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  • S18 E18: Custom Screen Door, Paint Trim
    by Ask This Old House TV on April 5, 2020 at 11:00 PM

    Ross tests out some new smart lighting configurations, and Tom helps a homeowner build a custom screen door. Richard gives general advice on maintaining a washing machine, and Mauro teaches a homeowner techniques to paint old 1960s wood trim with a varnish on it. Previous episode: S18 E17 | Next episode: Posting on Apr. 12, 8pm ET In this episode: Ross Trethewey tests out some new smart lighting configurations, and Tom Silva helps a homeowner build a custom screen door to fit her unique front entryway. Richard Trethewey gives some general advice on maintaining a washing machine, and Mauro Henrique teaches a homeowner some techniques to paint old 1960s wood trim with a varnish on it. How to Control Smart Lighting Ross Trethewey tests out some new smart lighting configurations. Where to find it? Ross demonstrated the Aurora Smart Bulb Dimmer, which is designed to work with Philips Hue light bulbs and is manufactured by Lutron. How to Build and Hang a Custom Screen Door Tom Silva helps a homeowner build a custom screen door to fit her unique front entryway. Where to find it? To build the frame of the door, Tom used 5/4” x 8” x 8’ straight grain fir, which was provided by Baird Brothers Fine Hardwoods. For exterior doors, Tom finds it very important to prevent the wood from warping in any direction, which is why he recommended using a combination of a half lap and a floating tenon for the joinery. To make those cuts, he used a Domino Joiner, which is manufactured by Festool and a Jobsite Saw Pro, which is manufactured by SawStop. To secure the boards together, Tom used wood glue by Gorilla Glue. To trim the door to size, Tom used a TS 55 circular saw, which is also manufactured by Festool. The corner accent brackets and the antique hardware were either found or salvaged by the homeowner, but similar products can be found online, at hardware stores, at specialty woodworking shops, or antique sales/salvage yards. The hinges and the screen door compressor can both be bought at home centers. In this case, Tom used heavy duty screen door hardware to handle the weight of the large door, and two compressors on the top and bottom of the door to control the swing of the heavy door and to ensure it closed tightly. The screening material they used for the door can be found at any home center. Tom recommends using clamps to slightly bow the door during the installation of the screen to ensure a tight fit. To secure the trim pieces over the screen, Tom used a 20V Max Cordless Bradnailer, which is manufactured by Dewalt. How to Maintain a Washing Machine Richard Trethewey gives some general advice on maintaining a washing machine. Where to find it? Braided stainless steel washing machine hoses can be found at home centers. The timed washing machine valve that only keeps pressure on the hoses for a set period of time is the Time Out Automatic Shutoff Valve, manufactured by Keeney Manufacturing Company.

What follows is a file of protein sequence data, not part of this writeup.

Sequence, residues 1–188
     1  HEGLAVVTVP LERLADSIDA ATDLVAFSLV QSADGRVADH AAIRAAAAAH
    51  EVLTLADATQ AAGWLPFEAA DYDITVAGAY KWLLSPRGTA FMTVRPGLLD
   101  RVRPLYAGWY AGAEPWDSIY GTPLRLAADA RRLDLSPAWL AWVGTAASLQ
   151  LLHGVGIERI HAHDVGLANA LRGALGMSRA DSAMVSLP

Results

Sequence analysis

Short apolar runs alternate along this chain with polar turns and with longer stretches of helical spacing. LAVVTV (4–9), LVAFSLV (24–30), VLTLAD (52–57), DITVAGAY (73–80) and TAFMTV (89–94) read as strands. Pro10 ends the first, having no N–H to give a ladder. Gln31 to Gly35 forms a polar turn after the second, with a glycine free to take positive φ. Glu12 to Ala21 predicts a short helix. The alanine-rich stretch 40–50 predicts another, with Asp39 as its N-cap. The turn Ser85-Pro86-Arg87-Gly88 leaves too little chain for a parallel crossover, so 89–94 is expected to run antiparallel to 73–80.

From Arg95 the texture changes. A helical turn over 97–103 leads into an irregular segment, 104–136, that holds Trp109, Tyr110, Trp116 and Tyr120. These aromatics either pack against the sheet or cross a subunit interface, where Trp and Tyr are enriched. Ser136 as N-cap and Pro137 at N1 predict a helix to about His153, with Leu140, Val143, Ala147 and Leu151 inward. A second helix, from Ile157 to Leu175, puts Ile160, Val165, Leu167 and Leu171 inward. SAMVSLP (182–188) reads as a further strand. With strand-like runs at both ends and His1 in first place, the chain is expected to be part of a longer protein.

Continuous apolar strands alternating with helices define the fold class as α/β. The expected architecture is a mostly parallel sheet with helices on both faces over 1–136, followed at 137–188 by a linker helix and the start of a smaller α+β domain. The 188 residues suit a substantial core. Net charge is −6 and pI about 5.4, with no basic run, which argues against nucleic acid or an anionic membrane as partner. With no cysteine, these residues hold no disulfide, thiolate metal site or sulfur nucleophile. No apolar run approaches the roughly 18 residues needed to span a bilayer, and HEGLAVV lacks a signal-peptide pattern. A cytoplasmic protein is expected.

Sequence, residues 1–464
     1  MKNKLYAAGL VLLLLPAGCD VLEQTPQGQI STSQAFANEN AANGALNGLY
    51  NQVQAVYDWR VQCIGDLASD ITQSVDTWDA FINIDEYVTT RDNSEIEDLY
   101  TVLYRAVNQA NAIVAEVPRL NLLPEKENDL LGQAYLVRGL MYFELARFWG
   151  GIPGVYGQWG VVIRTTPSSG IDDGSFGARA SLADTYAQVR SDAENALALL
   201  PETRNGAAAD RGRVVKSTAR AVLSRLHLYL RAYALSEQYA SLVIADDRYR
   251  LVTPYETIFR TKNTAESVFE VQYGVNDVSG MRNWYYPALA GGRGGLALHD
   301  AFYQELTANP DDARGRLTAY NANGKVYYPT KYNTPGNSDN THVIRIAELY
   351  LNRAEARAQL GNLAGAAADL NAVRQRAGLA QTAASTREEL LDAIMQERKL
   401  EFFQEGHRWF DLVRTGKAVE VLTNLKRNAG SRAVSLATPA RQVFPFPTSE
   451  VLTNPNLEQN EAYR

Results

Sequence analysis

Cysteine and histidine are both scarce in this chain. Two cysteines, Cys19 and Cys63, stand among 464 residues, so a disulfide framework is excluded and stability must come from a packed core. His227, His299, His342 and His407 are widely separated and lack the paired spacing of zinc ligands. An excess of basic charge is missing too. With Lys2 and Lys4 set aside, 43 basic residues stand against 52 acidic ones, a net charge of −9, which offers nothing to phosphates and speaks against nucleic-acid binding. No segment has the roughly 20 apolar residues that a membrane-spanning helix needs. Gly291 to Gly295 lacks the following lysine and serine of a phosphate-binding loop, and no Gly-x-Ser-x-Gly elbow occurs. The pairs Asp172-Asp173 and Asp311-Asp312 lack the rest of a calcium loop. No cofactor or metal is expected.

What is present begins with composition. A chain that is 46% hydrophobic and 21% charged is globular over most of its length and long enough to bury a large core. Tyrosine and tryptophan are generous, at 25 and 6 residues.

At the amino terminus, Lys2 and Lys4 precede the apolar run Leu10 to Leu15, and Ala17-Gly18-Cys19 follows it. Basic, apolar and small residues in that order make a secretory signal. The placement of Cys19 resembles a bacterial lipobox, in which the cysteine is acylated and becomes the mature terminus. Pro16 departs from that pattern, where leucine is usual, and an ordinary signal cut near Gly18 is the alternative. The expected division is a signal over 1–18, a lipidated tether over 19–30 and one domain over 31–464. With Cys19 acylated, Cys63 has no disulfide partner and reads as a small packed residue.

The washing machine valve that only operates when it senses a current draw from the washer is the IntelliFlow, manufactured by Watts. Both of these valves can be ordered online or from a specialty plumbing supplier. How to Paint Old Wood Trim with Varnish on It Mauro teaches a homeowner some techniques to paint old 1960s wood trim with a varnish on it. Where to find it? Mauro explained that in rooms with wood trim that has a finish applied to it, it’s helpful to lightly sand the surface using 220 grit sandpaper to give the paint more to adhere to. For this project, he used a ProSand Contour Sanding Sponge, which is manufactured by Norton Abrasives. To ensure a solid base for the paint, Mauro primed the trim with Stix Waterborne Bonding Primer, which is manufactured by INSL-X. Mauro decided to do two coats of primer in this case, since he thought it was more important to ensure a strong, even base for the paint. The homeowner had already purchased paint for the room, so Mauro finished the room using the same paint. She had selected Sherwin Williams paint in Extra White with a semi-gloss finish. This one doesn’t need to be mixed as it’s available right off the shelf. The other materials Mauro used to paint the trim, including the drop cloths, brushes, painter’s tape, and buckets, can all be found at home centers and paint supply stores. Original Air Date: April 5, 2020 Season 18; Ep.18 23:43 Products and Services from this Episode Smart LightingAurora Smart Bulb DimmerPhilips Hue light bulbs LumberBaird Brothers Fine Hardwoods Cutting toolsDomino Joiner manufactured by FestoolJobsite Saw Pro manufactured by SawStopTS 55 circular saw manufactured by Festool Wood glueGorilla Glue Brad nailer20V Max Cordless Brad nailer manufactured by Dewalt Timed washing machine valvesTime Out Automatic Shutoff Valve manufactured by Keeney Manufacturing CompanyIntelliFlow manufactured by Watts Sanding toolProSand Contour Sanding Sponge manufactured by Norton Abrasives PrimerStix Waterborne Bonding Primer manufactured by INSL-X PaintExtra White with a semi-gloss finish made by Sherwin Williams

  • How to Maintain a Washing Machine